Within the last few weeks, there has been an important change to the law regarding moving out of NJ with your kids. If you want to move out of NJ with your kids, you need one of two things: 1) the written consent of the other parent or 2) a Court order allowing you to do so. Recently, the NJ lawmakers changed the law that Courts apply when considering whether to allow you to move out of State with your kids.
Old law: The Courts used to consider 12 factors pursuant to a case called Baures v. Lewis. You can review those factors here if you want to. The burden was on the parent asking to move to present testimony and evidence to the Court satisfying those factors. Not every factor had to be satisfied but the majority needed to and some factors could carry more weight than others. The Courts did not specifically use the “best interest of the child standard” in those cases but determined the Baures factors would help the Court determine whether the move would be in the child’s best interest.
New law: The Courts have determined that Baures is no longer good law. Instead, the Courts will consider the “best interest of the child” factors. You can view those factors here. Don’t be mistaken, simply because the Court will apply the best interest of the child standard does not mean that the factors set forth in Baures are not helpful. All of those factors are relevant to the best interest factors.
Getting a Court order to move out of NJ with your child can be difficult. You should hire, or at least consult with, an attorney before you go to Court alone. If you have to represent yourself, be prepared to go through each factor with the Court and be ready to provide a clear explanation for how you satisfy each factor. Have evidence! New job? Provide a copy of your offer letter (you can redact your confidential information but if you can show you have employment waiting, that is in your favor). Kids will of course be attending a new school. Give the Court information about that school, how are they ranked (although that is not dispositive), do they have any special programs that may interest your child? Will you have your own place? Show the Court a copy of your lease. Remember as the parent asking to move out of State, the burden is on you to persuade the Court that moving would be in the child’s best interest.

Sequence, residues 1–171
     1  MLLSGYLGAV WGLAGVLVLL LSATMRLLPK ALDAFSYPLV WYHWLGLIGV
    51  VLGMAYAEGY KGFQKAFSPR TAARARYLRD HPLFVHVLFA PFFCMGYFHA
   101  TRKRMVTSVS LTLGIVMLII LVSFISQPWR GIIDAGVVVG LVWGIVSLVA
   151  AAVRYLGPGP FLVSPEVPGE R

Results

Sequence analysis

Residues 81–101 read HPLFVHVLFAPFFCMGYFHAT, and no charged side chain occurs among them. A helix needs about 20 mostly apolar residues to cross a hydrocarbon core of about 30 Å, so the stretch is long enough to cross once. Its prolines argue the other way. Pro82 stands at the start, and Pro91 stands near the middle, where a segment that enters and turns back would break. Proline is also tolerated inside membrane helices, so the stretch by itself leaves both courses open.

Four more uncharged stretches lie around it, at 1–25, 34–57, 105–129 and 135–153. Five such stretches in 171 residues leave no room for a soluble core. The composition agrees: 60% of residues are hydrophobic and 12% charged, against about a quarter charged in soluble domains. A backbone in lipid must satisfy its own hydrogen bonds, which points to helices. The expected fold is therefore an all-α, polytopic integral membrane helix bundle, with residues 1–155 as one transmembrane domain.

The contents of this blog entry are provided for informational purposes only. You should consult with an attorney to determine how the law applies to the facts of your particular case. Reading this blog entry does not create an attorney-client relationship with Kelly McGriff Law.